It is important to acknowledge that the document refers to “diplomatic capabilities” as the first main element of comprehensive national power. The National Security Strategy specifically says, “The basis of national security is to proactively create a peaceful, stable and highly predictable international environment based on the rule of law and to prevent the emergence of threats.” Using diplomatic capabilities to establish an international order based on the rule of law is precisely in line with the national interests of Japan.
However, media coverage of the National Security Strategy has centered almost exclusively on the new decision to acquire “counterstrike capabilities” and the government’s pledge to increase defense spending. The fact that almost no attention was paid to diplomatic capabilities as the first element of comprehensive national power disappoints me.
Will Japan be able to facilitate a transition from war to peace in Ukraine with its diplomatic capabilities? It will require following a difficult path. There is no magic in diplomatic endeavors; they cannot resolve every issue right away.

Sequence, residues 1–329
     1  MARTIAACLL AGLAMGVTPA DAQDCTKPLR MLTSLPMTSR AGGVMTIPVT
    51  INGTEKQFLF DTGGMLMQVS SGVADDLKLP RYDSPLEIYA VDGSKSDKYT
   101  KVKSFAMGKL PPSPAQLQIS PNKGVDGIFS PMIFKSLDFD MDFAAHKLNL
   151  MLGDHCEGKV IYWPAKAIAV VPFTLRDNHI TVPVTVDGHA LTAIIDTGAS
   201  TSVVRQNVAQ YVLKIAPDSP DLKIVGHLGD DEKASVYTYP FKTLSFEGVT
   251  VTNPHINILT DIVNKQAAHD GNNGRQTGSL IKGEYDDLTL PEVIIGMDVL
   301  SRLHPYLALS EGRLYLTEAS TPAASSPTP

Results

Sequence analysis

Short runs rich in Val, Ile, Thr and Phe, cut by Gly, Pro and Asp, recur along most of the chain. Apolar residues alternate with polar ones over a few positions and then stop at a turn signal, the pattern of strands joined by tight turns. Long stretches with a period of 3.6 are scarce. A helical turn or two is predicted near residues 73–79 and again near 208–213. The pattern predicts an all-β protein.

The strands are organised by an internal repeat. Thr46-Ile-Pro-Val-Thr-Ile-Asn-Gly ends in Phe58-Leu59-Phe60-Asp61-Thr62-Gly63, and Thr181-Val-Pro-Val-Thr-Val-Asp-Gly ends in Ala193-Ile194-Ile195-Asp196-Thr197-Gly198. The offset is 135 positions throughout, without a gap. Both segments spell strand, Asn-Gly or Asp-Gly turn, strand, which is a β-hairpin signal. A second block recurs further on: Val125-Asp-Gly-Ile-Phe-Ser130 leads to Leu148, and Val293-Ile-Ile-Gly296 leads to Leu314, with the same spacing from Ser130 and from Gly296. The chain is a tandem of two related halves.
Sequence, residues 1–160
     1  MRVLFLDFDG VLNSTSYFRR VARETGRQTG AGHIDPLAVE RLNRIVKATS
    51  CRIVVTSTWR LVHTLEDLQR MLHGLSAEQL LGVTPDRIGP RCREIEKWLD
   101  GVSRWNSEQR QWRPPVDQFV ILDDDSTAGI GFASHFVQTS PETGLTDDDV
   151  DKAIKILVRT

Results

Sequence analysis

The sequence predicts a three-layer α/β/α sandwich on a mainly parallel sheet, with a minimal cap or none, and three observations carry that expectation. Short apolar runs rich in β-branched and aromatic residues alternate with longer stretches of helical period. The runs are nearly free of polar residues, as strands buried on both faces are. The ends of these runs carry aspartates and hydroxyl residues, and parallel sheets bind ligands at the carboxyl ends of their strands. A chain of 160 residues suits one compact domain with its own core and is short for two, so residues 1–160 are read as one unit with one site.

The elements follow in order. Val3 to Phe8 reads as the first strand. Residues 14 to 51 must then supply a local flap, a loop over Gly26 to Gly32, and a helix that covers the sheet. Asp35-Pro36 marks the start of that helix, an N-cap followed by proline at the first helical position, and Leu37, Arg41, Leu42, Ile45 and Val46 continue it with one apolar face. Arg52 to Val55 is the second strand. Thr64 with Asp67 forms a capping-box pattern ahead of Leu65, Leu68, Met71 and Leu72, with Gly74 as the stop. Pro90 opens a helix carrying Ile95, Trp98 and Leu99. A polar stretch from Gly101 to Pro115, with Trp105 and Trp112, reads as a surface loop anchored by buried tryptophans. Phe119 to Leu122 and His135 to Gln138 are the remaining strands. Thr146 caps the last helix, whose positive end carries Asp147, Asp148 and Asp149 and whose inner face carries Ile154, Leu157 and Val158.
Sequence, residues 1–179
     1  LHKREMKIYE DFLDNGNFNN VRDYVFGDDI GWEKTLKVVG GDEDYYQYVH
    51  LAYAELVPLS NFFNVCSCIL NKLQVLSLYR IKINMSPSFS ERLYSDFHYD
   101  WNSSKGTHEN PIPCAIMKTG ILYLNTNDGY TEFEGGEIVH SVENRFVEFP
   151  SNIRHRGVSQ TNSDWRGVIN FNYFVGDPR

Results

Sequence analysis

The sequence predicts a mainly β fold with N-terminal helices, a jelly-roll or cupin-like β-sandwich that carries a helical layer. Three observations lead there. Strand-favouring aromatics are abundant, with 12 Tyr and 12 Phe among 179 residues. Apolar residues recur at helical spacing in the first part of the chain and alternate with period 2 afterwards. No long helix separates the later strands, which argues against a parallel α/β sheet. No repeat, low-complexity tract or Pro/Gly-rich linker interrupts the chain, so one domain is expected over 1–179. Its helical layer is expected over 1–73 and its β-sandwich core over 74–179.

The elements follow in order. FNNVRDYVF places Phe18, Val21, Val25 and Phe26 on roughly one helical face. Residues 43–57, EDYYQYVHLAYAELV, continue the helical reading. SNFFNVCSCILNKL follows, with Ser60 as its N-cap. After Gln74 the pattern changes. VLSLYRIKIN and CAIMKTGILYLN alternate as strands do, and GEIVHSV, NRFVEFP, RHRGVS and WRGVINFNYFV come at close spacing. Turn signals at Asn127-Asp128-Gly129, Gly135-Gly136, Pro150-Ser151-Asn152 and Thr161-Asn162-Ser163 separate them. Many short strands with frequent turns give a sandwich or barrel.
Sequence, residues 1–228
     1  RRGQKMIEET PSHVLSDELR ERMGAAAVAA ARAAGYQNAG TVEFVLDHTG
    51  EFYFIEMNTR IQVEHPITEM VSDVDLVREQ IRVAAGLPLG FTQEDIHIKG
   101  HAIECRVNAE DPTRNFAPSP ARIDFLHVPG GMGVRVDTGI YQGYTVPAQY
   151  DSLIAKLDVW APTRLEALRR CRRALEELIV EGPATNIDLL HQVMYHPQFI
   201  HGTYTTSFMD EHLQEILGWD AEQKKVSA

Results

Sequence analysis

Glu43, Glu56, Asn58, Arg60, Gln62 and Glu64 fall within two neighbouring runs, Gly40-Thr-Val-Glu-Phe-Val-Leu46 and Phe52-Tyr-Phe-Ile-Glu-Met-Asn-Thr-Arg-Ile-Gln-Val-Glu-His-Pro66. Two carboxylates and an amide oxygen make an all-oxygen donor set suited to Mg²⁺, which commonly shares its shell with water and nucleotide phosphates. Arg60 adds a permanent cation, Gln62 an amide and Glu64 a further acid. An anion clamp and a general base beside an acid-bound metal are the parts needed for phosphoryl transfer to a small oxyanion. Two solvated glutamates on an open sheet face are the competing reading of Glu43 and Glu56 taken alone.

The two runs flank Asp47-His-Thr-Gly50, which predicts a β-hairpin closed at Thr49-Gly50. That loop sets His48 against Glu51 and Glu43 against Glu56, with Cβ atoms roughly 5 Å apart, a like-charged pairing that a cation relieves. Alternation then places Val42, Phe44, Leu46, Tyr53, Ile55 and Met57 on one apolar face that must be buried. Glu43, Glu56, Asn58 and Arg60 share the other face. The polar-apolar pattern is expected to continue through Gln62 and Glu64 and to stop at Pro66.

Yet, I believe it to be of great importance that Japan, which made history by challenging the prevailing international order in the past century, is now making active efforts to defend the international order and restore peace.
Hosoya is a professor of international politics at Keio University and the author of numerous books on British, European and Japanese politics and foreign affairs, including “Security Politics in Japan: Legislation for a New Security Environment.”